The owner of Cath Kidston, the modern vintage fashion retailer, is buying its brand through a potentially controversial insolvency process that will leave virtually its entire store estate facing permanent closure.
Sky News has learnt that Baring Private Equity Asia, which has held a stake in Cath Kidston since 2014, has struck a deal with administrators to acquire its brand, e-commerce platform and wholesale operations.
The company’s 60 UK stores and the jobs of the majority of its 740 UK employees are not expected to be salvaged, insiders said on Monday evening.
The deal will mean Cath Kidston effectively becomes a digital-only retailer, with shops such as its flagship on London’s Piccadilly being permanently shut.
An announcement is expected to be made on Tuesday morning.
It is likely to anger landlords and other creditors which face losing significant sums of money as a result of the pre-pack process.
Insiders pointed to the coronavirus pandemic as the immediate catalyst for the failure of the business, which is known for its floral and polka dot designs.
It becomes the latest prominent high street name to fall into insolvency proceedings since the outbreak of COVID-19, with BrightHouse, Debenhams and Laura Ashley having preceded it by calling in administrators.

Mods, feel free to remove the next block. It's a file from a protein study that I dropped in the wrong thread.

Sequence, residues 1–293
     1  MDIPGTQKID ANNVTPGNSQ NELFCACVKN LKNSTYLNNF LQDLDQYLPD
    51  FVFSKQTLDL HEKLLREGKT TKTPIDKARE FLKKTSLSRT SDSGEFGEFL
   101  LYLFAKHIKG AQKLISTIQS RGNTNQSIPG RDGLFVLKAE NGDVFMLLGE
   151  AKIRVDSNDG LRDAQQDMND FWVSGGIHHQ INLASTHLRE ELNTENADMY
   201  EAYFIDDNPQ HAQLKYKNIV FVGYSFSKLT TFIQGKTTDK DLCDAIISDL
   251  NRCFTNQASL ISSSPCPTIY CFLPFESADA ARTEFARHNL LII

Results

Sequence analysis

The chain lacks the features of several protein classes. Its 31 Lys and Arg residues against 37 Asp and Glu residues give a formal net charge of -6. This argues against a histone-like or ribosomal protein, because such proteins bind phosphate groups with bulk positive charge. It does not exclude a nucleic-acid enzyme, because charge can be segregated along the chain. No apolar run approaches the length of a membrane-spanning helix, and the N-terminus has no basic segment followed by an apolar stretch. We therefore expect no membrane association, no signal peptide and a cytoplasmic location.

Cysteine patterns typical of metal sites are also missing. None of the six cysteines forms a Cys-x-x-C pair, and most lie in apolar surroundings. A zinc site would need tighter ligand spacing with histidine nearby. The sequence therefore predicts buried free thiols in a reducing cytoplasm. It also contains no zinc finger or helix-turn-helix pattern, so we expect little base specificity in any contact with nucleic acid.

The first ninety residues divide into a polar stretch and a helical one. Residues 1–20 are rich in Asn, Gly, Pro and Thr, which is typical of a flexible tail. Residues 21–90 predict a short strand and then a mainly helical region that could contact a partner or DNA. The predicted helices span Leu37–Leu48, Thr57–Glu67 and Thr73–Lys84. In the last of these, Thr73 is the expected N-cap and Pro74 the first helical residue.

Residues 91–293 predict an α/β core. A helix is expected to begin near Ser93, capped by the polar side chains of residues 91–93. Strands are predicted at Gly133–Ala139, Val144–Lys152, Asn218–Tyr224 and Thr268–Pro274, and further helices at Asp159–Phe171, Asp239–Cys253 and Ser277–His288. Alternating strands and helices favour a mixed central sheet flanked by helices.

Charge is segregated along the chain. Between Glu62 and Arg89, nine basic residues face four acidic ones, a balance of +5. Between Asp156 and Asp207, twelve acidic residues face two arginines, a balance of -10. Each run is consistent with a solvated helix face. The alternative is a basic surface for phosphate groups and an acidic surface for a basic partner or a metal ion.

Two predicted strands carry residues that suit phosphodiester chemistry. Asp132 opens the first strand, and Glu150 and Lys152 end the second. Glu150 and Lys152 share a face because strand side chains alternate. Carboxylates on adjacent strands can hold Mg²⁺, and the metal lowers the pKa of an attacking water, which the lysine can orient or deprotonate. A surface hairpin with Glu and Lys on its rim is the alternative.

People close to the company say that a turnaround strategy drawn up by Melinda Paraie, who joined as chief executive from luxury goods brand Coach in 2018, had begun to bear fruit prior to the pandemic.
Cath Kidston was launched by its eponymous former boss in 1993, and rapidly became an internationally recognised brand, with stores in Asia generating substantial sales.
It expanded from a single shop in West London selling car boot finds and vintage fabric into a business offering fashion, homewares and accessories.
The chain made a fortune for its founder when she sold a stake to private equity firm TA Associates exactly 10 years ago in a deal reportedly worth £100m.
In 2014, Baring Private Equity Asia became a substantial shareholder, before taking full control two years later.
However, it has lost more than £27m in the last two financial years, and made a further £11m loss before interest, tax, depreciation and amortisation in the nine months to December.
A spokesman for Cath Kidston declined to comment.